Parashat Eikev

Parashat Eikev
Deuteronomy 7:12–11:25
August 23, 2008 / 22 Av 5768

This week’s commentary was written by Rabbi Marc Wolf, assistant vice chancellor, JTS.

Since I am a self-professed “techno-junkie,” it took considerable restraint to wait the year for the second-generation iPhone to be released. Having read every review, followed its development on blogs, and waited patiently, only recently did I purchase my iPhone. Before it was in my hand I knew everything it was capable of, yet I was surprised by one aspect: its simplicity. As an Apple aficionado, I was expecting the attractive design, but after opening the box, I realized that there was one thing missing: a manual. The iPhone expects you to intuit its functions, discover its capabilities, and just use it.

How could something so technologically advanced seem so simple?

Needless to say, I am not the first to marvel at the wonders of the iPhone—or its simplicity. Jeffrey Kluger, a senior editor at Time magazine, recently came out with a book devoted to a science that is gaining popularity in the nonscientific community, and which addresses my surprise. Simplexity—as its name suggests—recognizes that seemingly complex systems can be understood rather simply, and that what we may see as simple may have complex aspects. Simplexity asserts that there are many points when “simplicity and complexity may masquerade as each other.” As a case in point, in his preface, Kluger cites the iPhone, whose “increasingly complex software yields increasingly intuitive user interfaces.” The hypothesis of Simplexity is rooted in how we are hardwired. Kluger writes:

Of all the things that confuse human beings, perhaps nothing trips us up so much as what it means for something to be simple or complex . . . Human beings are not wired to look at things this way. We're suckers for size, for flash, for speed, for scale; we mistake immensity for complexity and subtlety for simplicity. That has very often been our undoing. Seen through the lens of this surprising new science, the world becomes a delicate place filled with predictable patterns—patterns we often fail to see as we're time and again fooled by our instincts, by our fear, by the size of things, and even by their beauty.

Thus, to understand something that seems complex, we should look beyond that complexity. I can think of no greater mandate for Jewish life. For a religion sometimes mired in law and ritual, Simplexity would urge us to uncover its simplicity.

This week in Parashat Eikev, we may catch a glimpse of the simplicity behind the complex system of modern Jewish practice.

And now, O Israel, what does the Lord your God demand of you? Only this: to revere the Lord your God, to walk only in His paths, to love Him, and to serve the Lord your God with all your heart and soul, keeping the Lord's commandments and laws, which I enjoin upon you today, for your good. (Deut. 10:12-13)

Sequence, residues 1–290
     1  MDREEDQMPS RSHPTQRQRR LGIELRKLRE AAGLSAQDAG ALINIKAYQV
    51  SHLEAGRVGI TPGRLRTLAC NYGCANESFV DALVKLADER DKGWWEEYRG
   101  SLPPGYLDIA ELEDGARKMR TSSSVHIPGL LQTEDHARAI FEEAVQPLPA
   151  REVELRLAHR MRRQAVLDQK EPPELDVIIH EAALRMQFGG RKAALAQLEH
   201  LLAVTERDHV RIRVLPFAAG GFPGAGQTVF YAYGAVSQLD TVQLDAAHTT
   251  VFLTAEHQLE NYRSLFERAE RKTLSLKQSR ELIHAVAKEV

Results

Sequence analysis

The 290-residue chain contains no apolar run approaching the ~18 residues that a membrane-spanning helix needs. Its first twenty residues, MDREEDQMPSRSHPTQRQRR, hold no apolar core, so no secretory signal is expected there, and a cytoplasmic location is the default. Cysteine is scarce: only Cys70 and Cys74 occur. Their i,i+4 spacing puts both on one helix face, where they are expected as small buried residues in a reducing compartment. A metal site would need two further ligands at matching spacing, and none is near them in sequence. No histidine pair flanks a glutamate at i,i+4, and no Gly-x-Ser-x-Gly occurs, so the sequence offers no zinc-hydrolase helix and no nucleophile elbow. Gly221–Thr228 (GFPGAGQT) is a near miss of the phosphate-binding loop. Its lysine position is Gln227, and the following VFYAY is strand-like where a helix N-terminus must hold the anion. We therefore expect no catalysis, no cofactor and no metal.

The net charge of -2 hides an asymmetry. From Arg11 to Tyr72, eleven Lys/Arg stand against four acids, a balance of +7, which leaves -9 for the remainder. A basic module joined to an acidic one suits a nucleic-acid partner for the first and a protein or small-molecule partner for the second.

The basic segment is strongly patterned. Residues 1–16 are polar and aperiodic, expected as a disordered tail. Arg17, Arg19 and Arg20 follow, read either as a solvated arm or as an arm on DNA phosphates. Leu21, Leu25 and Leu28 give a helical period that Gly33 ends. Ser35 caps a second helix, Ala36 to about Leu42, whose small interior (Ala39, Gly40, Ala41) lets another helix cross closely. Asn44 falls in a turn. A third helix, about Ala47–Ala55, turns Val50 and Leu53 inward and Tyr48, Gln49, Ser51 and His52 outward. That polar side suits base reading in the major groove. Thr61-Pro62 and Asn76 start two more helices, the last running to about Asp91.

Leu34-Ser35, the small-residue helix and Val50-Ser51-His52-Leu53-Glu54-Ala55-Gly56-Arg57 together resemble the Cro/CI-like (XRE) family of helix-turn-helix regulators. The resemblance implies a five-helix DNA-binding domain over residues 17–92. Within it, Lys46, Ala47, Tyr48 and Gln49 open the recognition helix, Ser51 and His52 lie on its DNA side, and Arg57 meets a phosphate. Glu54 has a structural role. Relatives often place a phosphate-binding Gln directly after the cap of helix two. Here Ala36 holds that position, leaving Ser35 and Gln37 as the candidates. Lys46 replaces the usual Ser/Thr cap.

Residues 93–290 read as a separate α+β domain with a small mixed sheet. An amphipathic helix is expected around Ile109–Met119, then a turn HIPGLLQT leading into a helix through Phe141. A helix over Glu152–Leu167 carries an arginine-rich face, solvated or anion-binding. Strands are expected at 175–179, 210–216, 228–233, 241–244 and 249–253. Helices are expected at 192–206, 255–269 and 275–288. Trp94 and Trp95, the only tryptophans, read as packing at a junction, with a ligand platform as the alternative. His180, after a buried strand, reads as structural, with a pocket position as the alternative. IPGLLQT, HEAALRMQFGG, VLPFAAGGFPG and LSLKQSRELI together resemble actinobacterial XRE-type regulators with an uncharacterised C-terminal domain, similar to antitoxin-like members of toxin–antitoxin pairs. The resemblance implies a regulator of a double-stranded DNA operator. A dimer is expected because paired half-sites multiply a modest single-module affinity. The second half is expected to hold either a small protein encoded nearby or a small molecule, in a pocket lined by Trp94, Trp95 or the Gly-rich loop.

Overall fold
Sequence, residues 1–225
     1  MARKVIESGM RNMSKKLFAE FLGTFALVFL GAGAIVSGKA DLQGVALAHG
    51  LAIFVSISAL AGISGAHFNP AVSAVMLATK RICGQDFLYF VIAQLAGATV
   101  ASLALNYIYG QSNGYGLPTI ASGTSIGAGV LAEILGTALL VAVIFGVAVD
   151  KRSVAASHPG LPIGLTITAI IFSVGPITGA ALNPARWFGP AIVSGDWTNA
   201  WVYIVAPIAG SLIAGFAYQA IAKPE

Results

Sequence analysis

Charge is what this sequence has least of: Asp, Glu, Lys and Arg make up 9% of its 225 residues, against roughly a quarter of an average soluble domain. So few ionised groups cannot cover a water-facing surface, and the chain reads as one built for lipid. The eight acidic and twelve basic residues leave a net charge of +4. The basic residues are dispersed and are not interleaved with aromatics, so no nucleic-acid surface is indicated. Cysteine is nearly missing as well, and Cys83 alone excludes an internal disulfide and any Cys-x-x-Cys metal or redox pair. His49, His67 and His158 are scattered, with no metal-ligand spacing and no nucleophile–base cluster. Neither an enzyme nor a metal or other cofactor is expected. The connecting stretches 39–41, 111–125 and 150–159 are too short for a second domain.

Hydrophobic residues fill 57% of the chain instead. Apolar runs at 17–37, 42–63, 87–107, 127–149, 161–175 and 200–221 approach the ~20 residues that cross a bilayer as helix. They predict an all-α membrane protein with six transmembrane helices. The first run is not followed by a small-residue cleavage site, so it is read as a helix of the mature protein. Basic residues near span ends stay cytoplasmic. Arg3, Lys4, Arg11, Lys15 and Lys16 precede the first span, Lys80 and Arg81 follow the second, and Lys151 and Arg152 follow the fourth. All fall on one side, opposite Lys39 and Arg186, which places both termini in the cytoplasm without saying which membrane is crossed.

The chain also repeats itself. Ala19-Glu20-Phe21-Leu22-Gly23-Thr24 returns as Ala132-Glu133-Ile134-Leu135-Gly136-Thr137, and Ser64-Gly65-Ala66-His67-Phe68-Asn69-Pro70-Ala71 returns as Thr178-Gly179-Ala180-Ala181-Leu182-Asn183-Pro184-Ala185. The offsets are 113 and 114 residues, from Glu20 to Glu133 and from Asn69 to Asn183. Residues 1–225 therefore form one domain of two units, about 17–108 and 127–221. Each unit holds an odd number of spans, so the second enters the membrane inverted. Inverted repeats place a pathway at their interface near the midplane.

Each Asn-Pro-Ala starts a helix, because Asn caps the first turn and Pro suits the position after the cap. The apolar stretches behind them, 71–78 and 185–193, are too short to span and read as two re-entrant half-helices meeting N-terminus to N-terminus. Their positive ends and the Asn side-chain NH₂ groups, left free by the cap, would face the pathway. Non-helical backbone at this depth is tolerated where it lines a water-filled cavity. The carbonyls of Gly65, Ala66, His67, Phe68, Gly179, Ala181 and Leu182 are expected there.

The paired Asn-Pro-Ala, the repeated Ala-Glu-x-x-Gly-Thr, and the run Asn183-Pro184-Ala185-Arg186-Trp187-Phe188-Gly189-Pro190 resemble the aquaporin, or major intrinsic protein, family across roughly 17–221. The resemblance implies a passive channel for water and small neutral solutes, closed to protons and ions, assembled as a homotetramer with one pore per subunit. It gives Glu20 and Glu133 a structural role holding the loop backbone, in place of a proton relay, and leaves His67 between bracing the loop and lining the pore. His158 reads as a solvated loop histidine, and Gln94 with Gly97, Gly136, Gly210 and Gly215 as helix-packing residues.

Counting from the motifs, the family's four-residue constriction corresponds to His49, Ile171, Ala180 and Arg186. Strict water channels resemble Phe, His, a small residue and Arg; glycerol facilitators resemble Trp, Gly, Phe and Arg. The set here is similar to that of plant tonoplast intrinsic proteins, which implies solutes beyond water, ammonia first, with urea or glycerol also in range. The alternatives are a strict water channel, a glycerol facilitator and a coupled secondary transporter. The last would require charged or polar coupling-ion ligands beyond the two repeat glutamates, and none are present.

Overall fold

Only this? How could such a simple mandate turn into a religion so complex? The answer is relatively simple, actually. We are an inquisitive people. We strive to understand the meaning behind words. We cannot simply read a text that instructs us to walk in God’s paths—we seek to define what it means to walk in God’s paths. How should we actively live a life walking in God’s paths?

Faced with the difficulty of explaining the very personal emotions of reverence and love, generations of commentators have emphasized the observance of commandments as the essence of the verse, focusing on the flood of laws Judaism has developed. However, with this concentration, we run the risk of eclipsing its simple message.

The Slonimer Rebbe, Rabbi Shalom Noah Berezovsky (1911–2000), reads simplicity back into our verse. In his commentary in Netivot Shalom, the Slonimer Rebbe draws attention to the fact that the mandate is to the individual. The Hebrew word me-imakh (“what does the Lord God demand of you”) is in the singular, spoken to every individual. Quoting Rabbi Isaac Luria, the famous kabbalist, the Slonimer Rebbe states:

‘Every hour, every moment, is distinct from the next since the beginning of time. Likewise, every person is unique from any other, and one is unable to accomplish what another can’ . . . This is fundamental to understanding each individual’s obligation in the world—that each individual should have total clarity of what God demands of him/her. That is the force of the singular me-imakh (of you).

The Slonimer continues to state that we achieve this clarity by recognizing what drives us; what motivates us and inspires us is what defines our true path and obligation to God. With this reading, we begin to understand why the verse ends in the particular, “for your good.”

Traditional rabbinic interpretation of “what God demands of us” sought to incorporate the entire legal and ritual system of Judaism, making something that was rather simple (“only this . . . ”), much more complex. The Slonimer’s reading simplifies this by recognizing that religion must speak to the individual—and through this personalization, it begins to become clear what God demands of us, and how we accomplish that. Both look at the same verse and see either its simplicity or complexity. Our challenge is to balance simplicity/complexity.

While Simplexity would encourage us to look beyond the simplicity of the iPhone, we could never deny the internal complexity of the technology. In Judaism we should seek the same. The challenge is that the technology of Judaism sometimes gets in the way of the simplicity of its interface.

The publication and distribution of the JTS Commentary are made possible by a generous grant by Rita Dee and Harold (z”l) Hassenfeld.